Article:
Architecture has always been both advocate and adversary to nature. As an ally, it directly responds to elements present in the natural environment it inhabits- works around them, mirrors them.
On another hand, it also aims to question these very same elements by introducing aesthetics and technologies that ultimately make built environments truly habitable for their purpose.
True enough, we saw houses in New Zealand’s Lake Tekapo district that each bore similar elements responding to the beautiful terrain all around:
1) Big windows were strategically placed on the houses to maximize the views outside.
Being that Lake Tekapo is mostly a haven of vacation homes and lodges, external spaces like balconies and porches are very important for people who go on holidays to literally “get out” of their typically cooped- up office environments.
2) Steeped roofs were the norm, presumably for the long snowy days of winter each year.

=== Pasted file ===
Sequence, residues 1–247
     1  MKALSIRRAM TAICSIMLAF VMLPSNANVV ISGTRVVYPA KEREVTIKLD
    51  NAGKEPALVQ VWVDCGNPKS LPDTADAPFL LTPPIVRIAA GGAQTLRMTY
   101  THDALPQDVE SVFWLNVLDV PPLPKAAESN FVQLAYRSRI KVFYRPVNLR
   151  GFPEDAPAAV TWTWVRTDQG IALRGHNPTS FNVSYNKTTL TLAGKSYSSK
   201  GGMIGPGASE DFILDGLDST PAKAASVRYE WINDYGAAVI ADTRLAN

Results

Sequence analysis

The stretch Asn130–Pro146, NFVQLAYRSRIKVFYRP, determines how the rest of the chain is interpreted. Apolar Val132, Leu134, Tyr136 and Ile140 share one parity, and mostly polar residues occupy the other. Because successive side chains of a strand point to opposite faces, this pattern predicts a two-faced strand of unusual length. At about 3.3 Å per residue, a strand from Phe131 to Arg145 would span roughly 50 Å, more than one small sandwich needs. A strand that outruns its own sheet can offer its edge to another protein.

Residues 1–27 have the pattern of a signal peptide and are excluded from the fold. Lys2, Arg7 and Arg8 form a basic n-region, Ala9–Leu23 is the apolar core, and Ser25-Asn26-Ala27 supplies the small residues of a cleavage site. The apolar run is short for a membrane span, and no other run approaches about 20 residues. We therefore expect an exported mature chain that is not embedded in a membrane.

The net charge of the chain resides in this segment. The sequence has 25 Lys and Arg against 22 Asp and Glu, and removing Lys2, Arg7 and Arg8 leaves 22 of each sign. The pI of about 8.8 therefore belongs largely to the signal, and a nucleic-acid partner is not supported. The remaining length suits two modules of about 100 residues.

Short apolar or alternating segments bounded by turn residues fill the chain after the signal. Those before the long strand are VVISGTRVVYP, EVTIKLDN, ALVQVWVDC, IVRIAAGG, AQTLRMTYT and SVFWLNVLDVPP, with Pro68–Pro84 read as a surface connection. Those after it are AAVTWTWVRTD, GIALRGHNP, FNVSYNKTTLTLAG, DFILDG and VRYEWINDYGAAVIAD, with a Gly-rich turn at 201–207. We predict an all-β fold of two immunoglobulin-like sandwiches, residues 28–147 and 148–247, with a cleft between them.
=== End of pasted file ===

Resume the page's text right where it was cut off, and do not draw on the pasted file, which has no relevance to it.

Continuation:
Flat roofs, while excitingly modern- looking, only do well in places that have dry seasons all year round. In slightly wetter areas, nifty drainage systems are designed with them to address issues of flooding.
For places with regular downfall of snow however, it’s still most convenient to construct a slanted house topper that allows the snow to fall directly to the ground.
3) A landscape of chimneys dotted the gable roofs, as if straight out of an old Victorian painting.
With advancements in building technology and whatnot, there are many ways to heat up a house these days.
To alleviate New Zealand’s “wilding pines taking over the forests!” problem though, it isn’t such a bad thing to chop down pine wood and throw them into a spitting fireplace in Tekapo.
Design- wise, the houses that we saw seemed a few years delayed in the global Modern Contemporary movement. Materials and construction details were a far cry from what we have in the thriving Asian construction field.
However (and in a much more meaningful light), in sustainability and a true sense of environmental stewardship, New Zealand is leaps ahead of most places we’ve been to. And these days, decent development like that is more important than the “look” per se.
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